The management was doing their job, which was to make their bosses money.  The problem is that the incentive was there to liquidate the business over making it profitable- just like what Bain Capital does.

 

Vulture Capitalism of this sort is not good for society. 

 

Note: I'm not opposed to capitalism of the sort Brad practices, which is about growing a business and creating.  It's the capitalism of destruction that I have problems with.

 

As for the unions: why should they negotiate in times like these?  They'd be offer off having the company liquidated and the demand causing a new business to rise up instead.

 

on Nov 21, 2012

DrJBHL
Correct, because with each change of management, valuable assets were sold off.

Pitifully poor management was the problem, not the union... this time.
...But this time with Hostess? Not buying "the union's guilty" theory.

From what I have gather from the situation it is this. 

I come from an area where unions are highly favored, it is a very rural coal mining area of the US. So my opinion on unions may be biased from my historical and cultural background. 

 

Alstein

Quoting DrJBHL, reply 3Correct, because with each change of management, valuable assets were sold off.

Pitifully poor management was the problem, not the union... this time.

Unions can be destructive and self serving... my dad's newspaper closed because of Bertrand Powers and the Printer's Union... I'll hate that man forever. But this time with Hostess? Not buying "the union's guilty" theory.


The management was doing their job, which was to make their bosses money.  The problem is that the incentive was there to liquidate the business over making it profitable- just like what Bain Capital does.
 
Vulture Capitalism of this sort is not good for society. 

Note: I'm not opposed to capitalism of the sort Brad practices, which is about growing a business and creating.  It's the capitalism of destruction that I have problems with.
As for the unions: why should they negotiate in times like these?  They'd be offer off having the company liquidated and the demand causing a new business to rise up instead.

 

 

I also strongly agree with this. Having the incentives on just selling out the business to rake in the cash instead of working to make the business profitable again is a dangerous concept. 

on Nov 21, 2012

I heard on the Tonight Show that Suzie Q is now working as a Ho Ho.

on Nov 21, 2012

AlStein, vultures perform a necessary function... with companies? Some really need to be reorganized under bankruptcy protection, while others just need to go. Hostess had very little going for it after all the assets being sold off. A sad commentary on the management of that company, once a tremendously successful one.

on Nov 21, 2012

The problem was, not all the Ding-Dongs involved were baked and covered with chocolate. 

"Hey, where's the cream filling?"  

on Nov 21, 2012

The employees had already made big concessions in just a few years. While executives take raises and gifts. They even tried to pull a fast one on the courts by pumping up executive compensation directly before heading to bankruptcy court. Management was rotten. And sales have been flat or declining for years. Consumers are trending healthier and wiser. This is witnessed across the board. Hostess failed to meet demand. Then there is the sugar cartel. These are the real bad guys here. Research them. Rather than fight the sugar lobbyists, and rather than shave points off executive and share holder compensation, Hostess tried twice too many times to cut labor pay. Hostess wasn't the first, and won't be the last. The change it comes regardless our own desire. Our systems evolve. Buckle up folks.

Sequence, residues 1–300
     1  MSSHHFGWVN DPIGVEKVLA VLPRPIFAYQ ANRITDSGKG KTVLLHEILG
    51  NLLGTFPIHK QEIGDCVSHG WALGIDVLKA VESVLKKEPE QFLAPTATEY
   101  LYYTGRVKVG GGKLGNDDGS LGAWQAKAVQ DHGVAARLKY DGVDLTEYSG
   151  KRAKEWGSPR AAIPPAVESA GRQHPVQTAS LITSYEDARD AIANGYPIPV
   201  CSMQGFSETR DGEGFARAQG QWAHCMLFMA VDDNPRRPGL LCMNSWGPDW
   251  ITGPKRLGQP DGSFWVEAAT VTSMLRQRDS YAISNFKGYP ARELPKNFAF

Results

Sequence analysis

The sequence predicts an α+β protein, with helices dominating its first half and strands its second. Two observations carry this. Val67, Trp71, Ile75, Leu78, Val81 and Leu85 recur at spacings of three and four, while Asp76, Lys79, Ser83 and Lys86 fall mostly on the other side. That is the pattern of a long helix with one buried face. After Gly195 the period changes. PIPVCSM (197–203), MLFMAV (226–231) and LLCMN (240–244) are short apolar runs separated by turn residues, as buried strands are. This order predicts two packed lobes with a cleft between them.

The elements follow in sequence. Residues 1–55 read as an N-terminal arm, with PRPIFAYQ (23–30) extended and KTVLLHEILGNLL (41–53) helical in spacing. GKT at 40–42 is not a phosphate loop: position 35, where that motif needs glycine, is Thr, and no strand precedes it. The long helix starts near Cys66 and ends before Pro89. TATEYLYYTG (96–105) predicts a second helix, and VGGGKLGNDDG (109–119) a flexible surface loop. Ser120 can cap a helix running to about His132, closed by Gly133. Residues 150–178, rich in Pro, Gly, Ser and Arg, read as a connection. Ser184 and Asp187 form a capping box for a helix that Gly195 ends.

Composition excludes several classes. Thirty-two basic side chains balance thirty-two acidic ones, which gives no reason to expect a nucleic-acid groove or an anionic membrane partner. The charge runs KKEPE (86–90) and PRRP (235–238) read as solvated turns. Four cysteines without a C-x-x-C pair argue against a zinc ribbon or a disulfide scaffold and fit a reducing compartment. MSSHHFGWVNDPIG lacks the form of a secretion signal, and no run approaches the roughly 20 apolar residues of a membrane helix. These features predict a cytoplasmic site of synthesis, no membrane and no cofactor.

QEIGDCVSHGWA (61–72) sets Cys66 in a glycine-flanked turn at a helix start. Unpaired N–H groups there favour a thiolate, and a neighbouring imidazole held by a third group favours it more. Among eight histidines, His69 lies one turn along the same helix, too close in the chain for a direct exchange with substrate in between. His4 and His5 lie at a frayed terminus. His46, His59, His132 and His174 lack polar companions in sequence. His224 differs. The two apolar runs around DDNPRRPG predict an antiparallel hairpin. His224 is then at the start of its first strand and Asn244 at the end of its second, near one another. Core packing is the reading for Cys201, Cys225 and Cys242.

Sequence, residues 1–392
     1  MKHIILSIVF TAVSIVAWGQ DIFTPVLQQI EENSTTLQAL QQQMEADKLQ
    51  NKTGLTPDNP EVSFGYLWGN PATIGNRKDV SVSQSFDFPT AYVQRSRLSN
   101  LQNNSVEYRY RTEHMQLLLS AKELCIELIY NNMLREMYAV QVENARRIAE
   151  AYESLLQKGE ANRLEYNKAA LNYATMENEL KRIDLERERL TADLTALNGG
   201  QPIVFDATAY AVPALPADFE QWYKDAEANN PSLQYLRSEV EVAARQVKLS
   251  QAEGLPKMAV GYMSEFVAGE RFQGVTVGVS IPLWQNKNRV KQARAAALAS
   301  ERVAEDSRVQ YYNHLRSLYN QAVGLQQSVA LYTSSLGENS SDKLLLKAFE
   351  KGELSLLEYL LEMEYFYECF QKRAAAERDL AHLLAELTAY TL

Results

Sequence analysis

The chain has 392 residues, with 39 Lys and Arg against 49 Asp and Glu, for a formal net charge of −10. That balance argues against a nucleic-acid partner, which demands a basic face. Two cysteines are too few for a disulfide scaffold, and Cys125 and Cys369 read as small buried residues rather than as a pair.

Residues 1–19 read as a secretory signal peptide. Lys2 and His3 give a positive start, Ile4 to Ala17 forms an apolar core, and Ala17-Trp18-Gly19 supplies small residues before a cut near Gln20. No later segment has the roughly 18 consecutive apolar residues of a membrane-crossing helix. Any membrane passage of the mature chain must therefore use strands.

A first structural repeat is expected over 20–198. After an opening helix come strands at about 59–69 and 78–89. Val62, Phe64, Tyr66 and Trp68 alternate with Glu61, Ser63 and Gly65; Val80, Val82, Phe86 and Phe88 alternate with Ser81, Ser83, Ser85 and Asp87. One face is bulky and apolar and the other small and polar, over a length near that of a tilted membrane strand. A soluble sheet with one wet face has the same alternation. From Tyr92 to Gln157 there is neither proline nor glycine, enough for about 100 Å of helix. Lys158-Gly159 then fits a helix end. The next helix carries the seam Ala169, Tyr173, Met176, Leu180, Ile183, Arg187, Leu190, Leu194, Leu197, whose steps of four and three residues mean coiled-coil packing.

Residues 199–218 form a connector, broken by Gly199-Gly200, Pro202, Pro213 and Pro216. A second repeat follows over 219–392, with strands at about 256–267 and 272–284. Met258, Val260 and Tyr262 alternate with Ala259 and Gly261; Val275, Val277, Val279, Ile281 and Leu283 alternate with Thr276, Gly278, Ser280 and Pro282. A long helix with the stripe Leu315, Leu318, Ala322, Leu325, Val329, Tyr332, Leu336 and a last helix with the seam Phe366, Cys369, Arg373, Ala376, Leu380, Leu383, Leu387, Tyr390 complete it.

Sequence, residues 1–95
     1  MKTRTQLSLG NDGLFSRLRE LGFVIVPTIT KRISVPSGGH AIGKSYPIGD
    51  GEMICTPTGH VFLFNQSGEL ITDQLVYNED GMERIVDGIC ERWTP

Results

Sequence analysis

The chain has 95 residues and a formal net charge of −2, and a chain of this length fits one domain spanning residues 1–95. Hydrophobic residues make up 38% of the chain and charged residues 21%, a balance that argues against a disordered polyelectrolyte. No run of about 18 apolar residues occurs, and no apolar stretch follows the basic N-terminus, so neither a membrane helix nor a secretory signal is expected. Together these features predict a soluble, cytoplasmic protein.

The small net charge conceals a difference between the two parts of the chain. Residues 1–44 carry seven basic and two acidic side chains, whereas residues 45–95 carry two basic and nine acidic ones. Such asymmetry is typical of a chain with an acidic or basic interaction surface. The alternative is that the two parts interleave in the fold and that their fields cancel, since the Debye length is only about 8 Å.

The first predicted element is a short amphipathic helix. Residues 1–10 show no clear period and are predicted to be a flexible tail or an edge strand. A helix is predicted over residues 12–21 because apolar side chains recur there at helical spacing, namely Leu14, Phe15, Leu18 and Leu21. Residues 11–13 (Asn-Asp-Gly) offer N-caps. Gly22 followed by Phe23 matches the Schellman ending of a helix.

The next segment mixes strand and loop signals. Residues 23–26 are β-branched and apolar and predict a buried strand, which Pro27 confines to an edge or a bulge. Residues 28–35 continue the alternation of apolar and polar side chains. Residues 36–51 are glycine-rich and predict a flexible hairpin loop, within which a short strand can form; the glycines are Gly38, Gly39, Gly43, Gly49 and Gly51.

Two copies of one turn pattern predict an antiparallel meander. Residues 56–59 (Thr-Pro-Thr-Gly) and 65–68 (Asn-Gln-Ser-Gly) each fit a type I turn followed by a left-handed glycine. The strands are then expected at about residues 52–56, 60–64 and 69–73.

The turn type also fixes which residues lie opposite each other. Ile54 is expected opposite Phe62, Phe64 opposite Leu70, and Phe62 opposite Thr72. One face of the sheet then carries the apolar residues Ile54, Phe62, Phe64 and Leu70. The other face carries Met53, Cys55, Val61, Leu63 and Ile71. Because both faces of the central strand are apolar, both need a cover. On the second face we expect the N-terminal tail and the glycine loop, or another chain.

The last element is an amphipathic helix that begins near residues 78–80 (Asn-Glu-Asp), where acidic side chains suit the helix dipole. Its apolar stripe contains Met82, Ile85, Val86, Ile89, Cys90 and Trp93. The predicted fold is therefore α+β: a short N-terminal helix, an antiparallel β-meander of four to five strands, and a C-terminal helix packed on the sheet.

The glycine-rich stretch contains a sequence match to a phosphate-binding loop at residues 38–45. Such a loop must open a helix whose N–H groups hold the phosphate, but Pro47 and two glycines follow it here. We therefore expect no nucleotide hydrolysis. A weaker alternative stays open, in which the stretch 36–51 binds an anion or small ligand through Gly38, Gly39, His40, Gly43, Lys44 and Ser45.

on Nov 21, 2012

It all depends on what the job market for bakers is.  Yes, the overall unemployment rate is high, but it varies a lot by profession.  Perhaps it's easy for bakers to find new jobs, in which case the bakers are right to hold their ground.  If your profession is in high demand, losing your job is only a brief annoyance, and much preferable to accepting compensation below industry norms.

 

on Nov 21, 2012

Since Hostess is/was such a huge company, this would seem to provide an opportunity for smaller, more regional bakeries to start up or expand.  That might actually be kind of nice for a change.

on Nov 21, 2012

"Perhaps it is, and perhaps I should have filed this article under one of my favored categories - politics. "

Yes.

on Nov 21, 2012

DaveRI
Since Hostess is/was such a huge company, this would seem to provide an opportunity for smaller, more regional bakeries to start up or expand.  That might actually be kind of nice for a change.
Yes this ^ !!!

We move past the mono-blocs. Too much money gets exported out of local and regional economies never to return. Too few hands take far to much. The least painful route to repair our economy is gonna be a return to mom and pop shops. It is really quite obvious when we look at it. Money needs to cycle through communities, far more than it does now.